Diane Souvaine, professor of computer science at Tufts University, was elected a 2011 fellow of the Association of Computing Machinery (ACM) for her work in computational geometry.
Computational geometry, or the study of algorithms to understand geometric problems, is used in the development of structures to retrieve and store data. As these technological processes become increasingly integral to everyday life, Souvaine has contributed to the goal of organizing data to decrease necessary storage space and make retrieval quicker.
After earning an MSE in electrical engineering and computer science in 1984 and a Ph.D. in computer science in 1986, both from Princeton, Souvaine joined the faculty at Rutgers, The State University of New Jersey. During 12 years there, she contributed to the founding of the National Science Foundation’s Science and Technology Center for Discrete Mathematics and Theoretical Computer Science. At Tufts, Souvaine founded the Discrete Math Workshop (later known as the Institute on Problem Solving and Discrete Mathematics), working with the Massachusetts Board of Higher Education, specialists in local school districts and Tufts colleagues. She is also currently serving on the National Science Board, together with Princeton professor Bonnie Bassler, Squibb Professor in Molecular Biology and director of the Council on Science and Technology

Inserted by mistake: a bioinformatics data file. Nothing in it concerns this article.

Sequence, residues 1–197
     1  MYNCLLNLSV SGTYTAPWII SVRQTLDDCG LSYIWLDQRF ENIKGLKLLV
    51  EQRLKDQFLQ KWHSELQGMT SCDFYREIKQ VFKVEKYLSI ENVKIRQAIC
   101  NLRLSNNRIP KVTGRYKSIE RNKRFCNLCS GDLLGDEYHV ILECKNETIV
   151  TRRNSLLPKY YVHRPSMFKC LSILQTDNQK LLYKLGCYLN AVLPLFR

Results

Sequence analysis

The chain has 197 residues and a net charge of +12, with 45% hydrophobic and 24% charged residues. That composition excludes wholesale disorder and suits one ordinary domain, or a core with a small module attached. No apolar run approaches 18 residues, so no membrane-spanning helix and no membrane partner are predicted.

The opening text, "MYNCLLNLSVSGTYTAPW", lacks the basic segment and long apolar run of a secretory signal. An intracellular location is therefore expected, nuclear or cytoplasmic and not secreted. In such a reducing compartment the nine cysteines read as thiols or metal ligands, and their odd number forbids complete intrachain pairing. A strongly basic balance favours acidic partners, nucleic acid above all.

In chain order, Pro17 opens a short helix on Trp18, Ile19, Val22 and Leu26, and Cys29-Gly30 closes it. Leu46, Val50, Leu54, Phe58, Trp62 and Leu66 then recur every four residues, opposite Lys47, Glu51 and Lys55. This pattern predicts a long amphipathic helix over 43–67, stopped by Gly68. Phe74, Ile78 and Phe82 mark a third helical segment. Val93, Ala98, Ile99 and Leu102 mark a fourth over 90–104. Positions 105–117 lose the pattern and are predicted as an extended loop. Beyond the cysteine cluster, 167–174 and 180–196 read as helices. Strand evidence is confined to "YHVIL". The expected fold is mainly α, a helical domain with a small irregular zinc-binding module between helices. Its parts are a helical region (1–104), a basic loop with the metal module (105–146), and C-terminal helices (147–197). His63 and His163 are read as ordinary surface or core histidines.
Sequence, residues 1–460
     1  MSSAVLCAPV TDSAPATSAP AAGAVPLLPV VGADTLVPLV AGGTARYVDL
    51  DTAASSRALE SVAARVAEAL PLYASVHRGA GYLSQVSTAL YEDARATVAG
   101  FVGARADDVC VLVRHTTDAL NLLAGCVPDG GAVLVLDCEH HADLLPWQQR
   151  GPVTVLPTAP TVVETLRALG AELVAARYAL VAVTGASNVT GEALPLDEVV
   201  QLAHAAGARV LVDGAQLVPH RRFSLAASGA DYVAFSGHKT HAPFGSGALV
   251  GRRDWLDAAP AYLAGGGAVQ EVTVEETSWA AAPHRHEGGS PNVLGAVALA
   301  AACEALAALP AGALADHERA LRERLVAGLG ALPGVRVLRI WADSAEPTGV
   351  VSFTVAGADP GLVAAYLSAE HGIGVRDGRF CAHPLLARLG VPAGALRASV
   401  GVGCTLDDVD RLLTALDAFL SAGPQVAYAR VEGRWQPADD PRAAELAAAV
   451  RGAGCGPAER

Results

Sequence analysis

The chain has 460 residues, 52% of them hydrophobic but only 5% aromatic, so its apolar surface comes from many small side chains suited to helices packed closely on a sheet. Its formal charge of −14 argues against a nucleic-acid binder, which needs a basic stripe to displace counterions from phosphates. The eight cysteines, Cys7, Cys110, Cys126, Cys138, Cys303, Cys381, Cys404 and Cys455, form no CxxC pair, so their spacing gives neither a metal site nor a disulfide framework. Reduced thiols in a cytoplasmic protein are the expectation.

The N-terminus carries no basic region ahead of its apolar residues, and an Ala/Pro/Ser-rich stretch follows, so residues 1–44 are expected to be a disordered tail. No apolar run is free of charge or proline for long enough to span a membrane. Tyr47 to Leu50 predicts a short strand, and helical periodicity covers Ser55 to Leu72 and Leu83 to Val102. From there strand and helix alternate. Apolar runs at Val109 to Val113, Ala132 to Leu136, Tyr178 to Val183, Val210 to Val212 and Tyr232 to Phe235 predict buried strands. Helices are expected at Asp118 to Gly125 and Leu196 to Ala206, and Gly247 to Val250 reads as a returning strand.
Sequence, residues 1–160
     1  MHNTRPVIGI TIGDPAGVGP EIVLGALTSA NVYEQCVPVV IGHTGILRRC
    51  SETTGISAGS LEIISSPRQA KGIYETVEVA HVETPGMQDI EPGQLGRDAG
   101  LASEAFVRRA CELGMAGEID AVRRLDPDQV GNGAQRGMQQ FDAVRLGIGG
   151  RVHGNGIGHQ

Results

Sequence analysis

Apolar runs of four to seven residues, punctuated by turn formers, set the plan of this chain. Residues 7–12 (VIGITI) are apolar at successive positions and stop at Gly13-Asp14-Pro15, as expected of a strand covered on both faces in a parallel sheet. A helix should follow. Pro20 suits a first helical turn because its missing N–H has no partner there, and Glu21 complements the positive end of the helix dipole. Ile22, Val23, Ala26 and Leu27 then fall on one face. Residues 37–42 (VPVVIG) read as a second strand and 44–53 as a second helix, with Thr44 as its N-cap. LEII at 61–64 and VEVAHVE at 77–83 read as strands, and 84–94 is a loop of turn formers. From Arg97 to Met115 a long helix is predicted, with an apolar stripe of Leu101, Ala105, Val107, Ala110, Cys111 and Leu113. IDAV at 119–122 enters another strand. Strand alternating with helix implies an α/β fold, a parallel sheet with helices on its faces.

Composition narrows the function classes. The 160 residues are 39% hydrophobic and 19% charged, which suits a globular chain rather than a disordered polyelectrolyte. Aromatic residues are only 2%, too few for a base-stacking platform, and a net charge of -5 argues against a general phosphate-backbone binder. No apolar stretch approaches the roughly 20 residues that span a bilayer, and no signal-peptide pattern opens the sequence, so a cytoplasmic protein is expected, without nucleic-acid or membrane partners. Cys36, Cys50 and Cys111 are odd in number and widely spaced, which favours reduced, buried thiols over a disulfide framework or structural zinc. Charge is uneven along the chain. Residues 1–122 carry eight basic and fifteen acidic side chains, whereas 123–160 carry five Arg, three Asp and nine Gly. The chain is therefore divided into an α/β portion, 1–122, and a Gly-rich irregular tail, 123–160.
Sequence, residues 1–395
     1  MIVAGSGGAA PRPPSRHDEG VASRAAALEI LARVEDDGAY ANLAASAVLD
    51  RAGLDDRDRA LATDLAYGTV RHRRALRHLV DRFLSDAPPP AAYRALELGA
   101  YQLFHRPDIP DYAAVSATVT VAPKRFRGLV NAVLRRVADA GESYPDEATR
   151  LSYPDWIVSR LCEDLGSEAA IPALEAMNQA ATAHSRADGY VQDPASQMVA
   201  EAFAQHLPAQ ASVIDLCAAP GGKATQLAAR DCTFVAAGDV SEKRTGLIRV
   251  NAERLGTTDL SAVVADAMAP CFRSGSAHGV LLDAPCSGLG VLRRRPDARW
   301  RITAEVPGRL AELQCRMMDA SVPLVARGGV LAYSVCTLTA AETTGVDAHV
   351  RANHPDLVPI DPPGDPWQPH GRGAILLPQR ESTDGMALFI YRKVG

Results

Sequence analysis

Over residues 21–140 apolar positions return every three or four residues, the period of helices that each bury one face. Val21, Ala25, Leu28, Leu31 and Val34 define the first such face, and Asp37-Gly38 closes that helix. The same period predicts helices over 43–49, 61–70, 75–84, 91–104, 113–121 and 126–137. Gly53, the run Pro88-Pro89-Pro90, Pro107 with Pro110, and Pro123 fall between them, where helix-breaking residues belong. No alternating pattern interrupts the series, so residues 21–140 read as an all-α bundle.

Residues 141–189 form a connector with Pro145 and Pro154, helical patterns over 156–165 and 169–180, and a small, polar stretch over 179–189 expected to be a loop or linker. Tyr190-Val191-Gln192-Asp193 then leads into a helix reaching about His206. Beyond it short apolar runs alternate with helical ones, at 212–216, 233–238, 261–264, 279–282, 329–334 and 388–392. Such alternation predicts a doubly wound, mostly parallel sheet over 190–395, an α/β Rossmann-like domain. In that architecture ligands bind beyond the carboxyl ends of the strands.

Souvaine was one of 46 fellows elected in 2011 to ACM, which is the world’s largest educational and scientific computing society and provider of the ACM Digital Library. The Fellows Program, established in 1993, recognizes and honors outstanding ACM members for their achievements in computer science and information technology.